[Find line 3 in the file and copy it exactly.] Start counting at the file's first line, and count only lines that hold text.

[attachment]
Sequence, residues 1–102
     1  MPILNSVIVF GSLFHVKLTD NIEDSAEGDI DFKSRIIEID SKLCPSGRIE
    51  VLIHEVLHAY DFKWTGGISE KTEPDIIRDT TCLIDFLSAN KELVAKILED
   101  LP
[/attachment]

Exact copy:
    51  VLIHEVLHAY DFKWTGGISE KTEPDIIRDT TCLIDFLSAN KELVAKILED